BP beats expectations with $3.3bn profit amid soaring energy prices

Uplift allowed the oil company to extend share buyback programme by $1.25bn

Oil major BP reported a better-than-expected rise in third-quarter profit on Tuesday amid soaring oil prices and a strong trading performance as the global economy recovers from the Covid-19 pandemic.

Underlying replacement cost profits jumped to $3.3 billion in the three months to September 30, well ahead of an estimate of $3.01bn and up from $86 million a year earlier when oil prices had slumped due to the crisis.

The company's third-quarter profits also mark a steep rise on the previous three months, when it reported a profit of $2.8bn.

The third-quarter increase allowed the UK-based company, one of the world’s largest energy businesses, to expand its share buyback programme by $1.25bn, which will be completed before its full-year results.

“This has been another good quarter for BP – our businesses are generating strong underlying earnings and cash flow while maintaining their focus on safe and reliable operations,” BP chief executive Bernard Looney said.

"Rising commodity prices certainly helped but I am most pleased that, quarter by quarter, we are doing what we said we would – delivering significant cash to strengthen our finances, grow distributions to shareholders and invest in our strategic transformation."

However, on a reported basis, BP fell to a $2.9bn quarterly loss after it suffered a $6.1bn hit from the accounting treatment of rising forward gas prices.

The oil company's replacement cost loss compares with losses of $644m a year earlier, with the group blaming an accounting "mismatch".

Crude and gas prices have increased steeply amid surging demand after the global economy made a recovery from the early days of the pandemic when demand fell as airlines were grounded and motorists stayed at home rather than travel to the office.

Since then, Opec has increased production slowly after the deep cuts made last year when the crisis first struck.

Bernard Looney, chief executive officer of BP Plc, speaks during a news conference in London, U.K., on Wednesday, Feb. 12, 2020. BP Plc's new boss set out the boldest climate plan of any major oil company, pledging to eliminate almost all of the carbon emissions from its operations and the fuel it sells to customers. Photographer: Hollie Adams/Bloomberg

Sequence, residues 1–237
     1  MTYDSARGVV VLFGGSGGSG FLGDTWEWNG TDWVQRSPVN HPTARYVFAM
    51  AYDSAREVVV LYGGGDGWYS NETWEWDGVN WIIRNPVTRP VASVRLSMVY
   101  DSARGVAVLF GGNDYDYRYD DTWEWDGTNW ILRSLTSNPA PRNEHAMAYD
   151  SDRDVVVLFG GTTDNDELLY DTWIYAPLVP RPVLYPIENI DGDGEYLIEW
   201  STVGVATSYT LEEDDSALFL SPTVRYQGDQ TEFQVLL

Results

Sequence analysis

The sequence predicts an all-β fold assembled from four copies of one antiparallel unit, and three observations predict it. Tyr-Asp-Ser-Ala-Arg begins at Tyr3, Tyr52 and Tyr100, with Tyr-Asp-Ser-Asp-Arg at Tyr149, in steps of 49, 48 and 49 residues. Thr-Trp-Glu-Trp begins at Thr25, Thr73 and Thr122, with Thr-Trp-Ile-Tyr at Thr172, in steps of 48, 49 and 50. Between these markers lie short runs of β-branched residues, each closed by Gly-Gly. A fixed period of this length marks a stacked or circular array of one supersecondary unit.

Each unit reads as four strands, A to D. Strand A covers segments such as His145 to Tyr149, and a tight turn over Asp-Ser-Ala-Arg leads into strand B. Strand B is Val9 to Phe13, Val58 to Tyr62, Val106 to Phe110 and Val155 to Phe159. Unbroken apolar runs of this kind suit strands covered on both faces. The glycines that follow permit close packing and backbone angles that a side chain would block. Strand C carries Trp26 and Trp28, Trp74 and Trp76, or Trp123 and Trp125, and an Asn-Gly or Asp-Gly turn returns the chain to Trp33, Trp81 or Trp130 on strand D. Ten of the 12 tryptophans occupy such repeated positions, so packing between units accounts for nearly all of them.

Surging gas and oil prices helped BP smash analysts expectations, said Mark Crouch, an analyst at multi-asset investment platform eToro.

“BP has decided to hand the gains made by higher commodity prices back to investors in the form of a $1.25bn share buyback – and expects to buy back another $1.25bn of stock in the fourth quarter, he said.

The energy company has already completed share buybacks worth $1.4bn announced when it released its second-quarter results.

“Market conditions are so favourable currently that BP says that if the price of oil were $60 a barrel – it is currently nearly $85 – then it could comfortably buy back $1bn a quarter and grow its dividend by 4 per cent a year through to 2025. That’s at the same time as bolstering its balance sheet and reducing debt," Mr Crouch said.

BP and its FTSE100 Index rival Royal Dutch Shell have both reported a boost to profits, in turn allowing them to woo investors by increasing dividends and buying back shares.

BP's third-quarter results come at a critical time for big oil companies as they have been delivered against the backdrop of the Cop26 summit.

Mr Looney said the “world is not going to solve climate unless it embraces greening companies” such as BP, which already has a strategy in place for the transition.

That approach is better than just divestment, he said.

Last year, the company wrote off $17.5bn from the value of its oil and gas business as it lowered its oil price expectations through to 2050.

The company has embarked on a major overhaul of its operations since the start of the Covid-19 pandemic, with a pledge to reduce emissions from the oil and gas it produces to net zero by 2050, amid pressure on the energy industry to cut greenhouse gas emissions.

In July, Mr Looney called for energy producers and consumers, as well as companies, governments, and society, to work together “to bring about the necessary change”.

“Companies like BP with net zero ambitions, coherent plans and near, medium and long-term aims – companies which are committed to ‘greening’ – have a hugely significant part to play in achieving the Paris goals," he said at the time.

BP used some of its extra cash into paying down its liabilities, which rose in early 2020 as prices collapsed due to the global pandemic. At the end of the third quarter, the company’s net debt was $31.97bn, down from $32.71bn at the end of the second quarter.

However, unlike its oil rivals, BP is sticking to its capital expenditure budget of $13bn for next year and plans to stay “very focused on capital discipline”, Mr Looney said.

He expects oil and gas prices to return to pre-Covid levels next year but insists that the world still has an "insatiable" desire for energy.

Looking ahead, Mr Crouch said with oil and gas prices expected to remain high for the foreseeable future, he does not “see a radical change in market conditions for oil super-majors in the coming months”.

“However, we are bracing ourselves for any shock announcements from Cop26 that may cause short-term price volatility for London-listed oil giants such as BP and Shell," Mr Crouch said.

Updated: November 2nd 2021, 10:05 AM
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